Tag Archives: diet and lifestyle change

aRE yOU bALD?

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stress

Or just stressed and pulling your hair out?

A new study from UC San Francisco is the first to show that while the impact of life’s stressors accumulate overtime and accelerate cellular aging, these negative effects may be reduced by maintaining a healthy diet, exercising and sleeping well.

“The study participants who exercised, slept well and ate well had less telomere (the protective caps at the ends of chromosomes that affect how quickly cells age) shortening than the ones who didn’t maintain healthy lifestyles, even when they had similar levels of stress,” said lead author Eli Puterman, PhD, assistant professor in the department of psychiatry at UCSF. “It’s very important that we promote healthy living, especially under circumstances of typical experiences of life stressors like death, caregiving and job loss.”

Shorter telomeres have become associated with a broad range of aging-related diseases, including stroke, vascular dementia, cardiovascular disease, obesity, osteoporosis diabetes, and many forms of cancer.

“This is the first study that supports the idea, at least observationally, that stressful events can accelerate immune cell aging in adults, even in the short period of one year. Exciting, though, is that these results further suggest that keeping active, and eating and sleeping well during periods of high stress are particularly important to attenuate the accelerated aging of our immune cells,” said Puterman.

 

What’s A Little Spare Tire or Two…

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Obesity is a global health concern. In the US, more than 69% of adults aged 20 years or over are overweight or obese. Similar numbers are found in the UK, where around 62% of individuals aged 16 or over are overweight or obese.

It is well known that being overweight can increase the risk of potentially serious health problems, such as diabetes, heart disease, high blood pressure and stroke. Past research has also shown that overweight and obesity can increase the risk of cancer.

Last year an eight analysis was completed. Results of the analysis revealed that 166,955 participants developed one of the 22 cancers during the 7.5-year follow-up. The researchers found that BMI (Body Mass Index) was linked to the development of 17 out of these 22 cancers, and the link was particularly strong for 10 of these cancers.

Every 5 kg/m2 increase in BMI was associated with a higher risk of the following cancers:

Womb/Uterine (62% increased risk)
Gallbladder (31% increased risk)
Kidney (25% increased risk)
Liver (19% increased risk)
Cervical (10% increased risk)
Colon (10% increased risk)
Ovarian (9% increased risk)
Thyroid (9% increased risk)
Leukemia (9% increased risk)
Breast (5% increased risk)

A 1 kg/m2 increase in average BMI (the equivalent to 8-10 pounds per adult) across the country’s population – which occurs around every 12 years based on current trends – may cause an additional 3,790 cases of the 10 cancers every year.

obesity

 

 

 

 

 

Are You Losing Your Mind?

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In the first large, population-based study of its kind, a team of researchers has found a link between vitamin D consumption and the risk of developing dementia. Older people who do not get enough vitamin D could double their risk of developing the condition. Similarly, younger people who do not consume enough vitamin D increase their risks of developing dementia later on.

Vitamin D is important for the body’s immune function, growth and repair of bones, and normal calcium and phosphorus absorption. It can be obtained from fish, milk, eggs and cheese. oily-fish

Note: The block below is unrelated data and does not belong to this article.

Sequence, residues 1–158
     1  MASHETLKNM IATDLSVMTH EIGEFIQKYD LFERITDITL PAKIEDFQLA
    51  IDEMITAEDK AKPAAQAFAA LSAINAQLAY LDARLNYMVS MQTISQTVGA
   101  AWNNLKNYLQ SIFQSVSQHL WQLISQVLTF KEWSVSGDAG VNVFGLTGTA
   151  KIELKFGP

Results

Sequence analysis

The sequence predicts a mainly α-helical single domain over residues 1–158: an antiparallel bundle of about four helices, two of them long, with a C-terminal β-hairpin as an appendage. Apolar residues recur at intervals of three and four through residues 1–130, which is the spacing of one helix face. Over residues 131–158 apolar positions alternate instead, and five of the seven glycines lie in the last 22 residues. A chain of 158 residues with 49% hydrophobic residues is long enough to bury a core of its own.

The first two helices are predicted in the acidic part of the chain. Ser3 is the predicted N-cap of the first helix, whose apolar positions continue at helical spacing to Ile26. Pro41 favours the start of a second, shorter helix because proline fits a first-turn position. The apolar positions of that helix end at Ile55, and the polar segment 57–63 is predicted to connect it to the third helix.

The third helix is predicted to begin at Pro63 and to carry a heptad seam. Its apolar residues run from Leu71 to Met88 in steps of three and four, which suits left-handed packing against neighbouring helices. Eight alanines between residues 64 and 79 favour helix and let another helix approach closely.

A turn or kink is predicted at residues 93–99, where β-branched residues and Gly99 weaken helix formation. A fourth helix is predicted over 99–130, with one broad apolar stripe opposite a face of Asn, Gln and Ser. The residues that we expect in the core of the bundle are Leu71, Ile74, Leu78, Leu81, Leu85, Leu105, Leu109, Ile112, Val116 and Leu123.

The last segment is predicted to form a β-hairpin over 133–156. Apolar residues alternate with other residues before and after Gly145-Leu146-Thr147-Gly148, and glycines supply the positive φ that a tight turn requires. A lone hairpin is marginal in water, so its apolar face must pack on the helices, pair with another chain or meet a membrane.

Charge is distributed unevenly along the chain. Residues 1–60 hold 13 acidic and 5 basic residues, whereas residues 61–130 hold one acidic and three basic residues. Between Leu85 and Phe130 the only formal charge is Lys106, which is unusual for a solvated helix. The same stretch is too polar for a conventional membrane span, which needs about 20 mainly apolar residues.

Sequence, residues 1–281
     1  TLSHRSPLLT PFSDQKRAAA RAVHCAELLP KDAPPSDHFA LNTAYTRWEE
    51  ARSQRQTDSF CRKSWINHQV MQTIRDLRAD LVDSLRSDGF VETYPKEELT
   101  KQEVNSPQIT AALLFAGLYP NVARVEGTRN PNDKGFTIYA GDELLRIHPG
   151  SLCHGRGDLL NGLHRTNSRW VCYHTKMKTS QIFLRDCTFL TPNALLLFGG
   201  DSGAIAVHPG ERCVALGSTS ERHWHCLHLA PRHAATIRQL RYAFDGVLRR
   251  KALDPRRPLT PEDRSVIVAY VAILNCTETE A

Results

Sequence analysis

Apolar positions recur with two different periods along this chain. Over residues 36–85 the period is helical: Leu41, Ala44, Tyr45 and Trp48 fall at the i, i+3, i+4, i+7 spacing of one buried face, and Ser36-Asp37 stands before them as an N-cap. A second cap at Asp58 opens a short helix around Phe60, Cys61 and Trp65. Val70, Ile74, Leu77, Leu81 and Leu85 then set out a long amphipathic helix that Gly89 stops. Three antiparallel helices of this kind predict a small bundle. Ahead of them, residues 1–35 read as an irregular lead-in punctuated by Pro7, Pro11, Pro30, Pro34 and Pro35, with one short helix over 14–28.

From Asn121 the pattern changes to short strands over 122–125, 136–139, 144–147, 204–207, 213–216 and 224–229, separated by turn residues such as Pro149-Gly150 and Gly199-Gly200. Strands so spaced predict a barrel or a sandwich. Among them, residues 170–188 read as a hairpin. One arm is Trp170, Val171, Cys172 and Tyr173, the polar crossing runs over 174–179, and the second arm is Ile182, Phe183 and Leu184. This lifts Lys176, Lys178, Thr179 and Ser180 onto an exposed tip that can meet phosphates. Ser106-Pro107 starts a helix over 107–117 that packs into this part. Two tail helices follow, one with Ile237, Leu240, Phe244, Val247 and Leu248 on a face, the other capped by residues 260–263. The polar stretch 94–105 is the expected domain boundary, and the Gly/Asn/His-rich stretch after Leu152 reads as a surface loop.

Dementia is a collective term used to describe the problems that people with various underlying brain disorders can have with their memory, language and thinking. Alzheimer’s disease is the best known and most common disorder under the umbrella of dementia.

Alzheimer’s disease is the sixth leading cause of death in the US and is believed to currently affect 5.3 million Americans. It is most common in people aged over 65, in which a tenth of the population has the condition, but has been known to afflict individuals as young as 40 years of age.

The authors of the study, published in Neurology, state that low concentrations of vitamin D are associated with the development of Alzheimer’s disease. Worryingly, there are high rates of vitamin D deficiency in older adults – the group most at risk from developing dementia.

The CDC report that one third of the US population do not get sufficient amounts of vitamin D, with 8% of the population at risk of vitamin D deficiency. Vitamin D is obtained from sun exposure and foods such as milk, eggs, cheese and fatty fish.

The study could provide a good starting point for this area of research. “Our findings are very encouraging and even if a small number of people could benefit, this would have enormous public health implications given the devastating and costly nature of dementia.” New deitary guidelines are supporting eating vitamin D rich foods once a day and oily fish a minimum of once a week.

 

 

Super Salad!

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Here’s a great summer salad that is sure to please at your Fourth of July Party. AND It’s super healthy too! Can’t beat that!

Grilled Asparagus and Mozzarella Salad
1 Serving
Ingredients:
4 oz Cheese, mozzarella, reduced fat
3/4 cup Raw Tomatoes, Grape
3/4 cup Cooked Asparagus, frozen
2 tbsp Basil or 1 drop basil essential oil
1/4 tsp Garlic Powder
1/4 tsp Pepper or 1 drop black pepper essential oil
1 tsp Vinegar, balsamic
10 sprays Non-stick Cooking Spray
(Using essential oils gives you essential vitamins and minerals that you can’t get large quantities of in the dried plants)

Preparation:
1. Cut asparagus spears into thirds. Place asparagus pieces in a lightly greased grill pan and cook until tender. Remove and set aside.
2. Cut 4 oz of part-skim mozzarella cheese into cubes and place in a medium bowl.
3. Chop or slice the basil leaves. Add the basil along with the grape tomatoes and cooled asparagus pieces to the mozzarella.
4. Combine the pepper and garlic powder with the mozzarella mixture and drizzle with balsamic vinegar.
asparagusmozarella

How about Chicken Wings? Here’s a great healthy recipe.

Become a Writer for Better Health

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Food journaling is a tool in your toolbox when it comes to healthy eating practices. It can unveil eating patterns and identify areas you need to change by making you constantly aware of what you are putting into your body.

journal

To keep a food journal, be sure to include the following:

Amount – Sometimes being specific is necessary (i.e. weight loss plateaus, blood sugar control) so you get a true sense of what you are actually having and how that may be impacting your goals. Other times, people just want to be more conscientious of what they are eating and in those instances, specificity is not necessary.